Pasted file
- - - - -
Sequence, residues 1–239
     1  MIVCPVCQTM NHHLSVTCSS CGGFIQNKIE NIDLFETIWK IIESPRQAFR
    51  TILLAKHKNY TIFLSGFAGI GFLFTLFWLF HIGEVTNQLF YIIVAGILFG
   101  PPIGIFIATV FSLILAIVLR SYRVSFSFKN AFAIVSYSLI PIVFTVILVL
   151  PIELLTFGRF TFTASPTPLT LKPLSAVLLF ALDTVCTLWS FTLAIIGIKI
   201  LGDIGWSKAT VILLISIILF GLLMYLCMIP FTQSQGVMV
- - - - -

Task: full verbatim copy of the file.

Sequence, residues 1–239
     1  MIVCPVCQTM NHHLSVTCSS CGGFIQNKIE NIDLFETIWK IIESPRQAFR
    51  TILLAKHKNY TIFLSGFAGI GFLFTLFWLF HIGEVTNQLF YIIVAGILFG
   101  PPIGIFIATV FSLILAIVLR SYRVSFSFKN AFAIVSYSLI PIVFTVILVL
   151  PIELLTFGRF TFTASPTPLT LKPLSAVLLF ALDTVCTLWS FTLAIIGIKI
   201  LGDIGWSKAT VILLISIILF GLLMYLCMIP FTQSQGVMV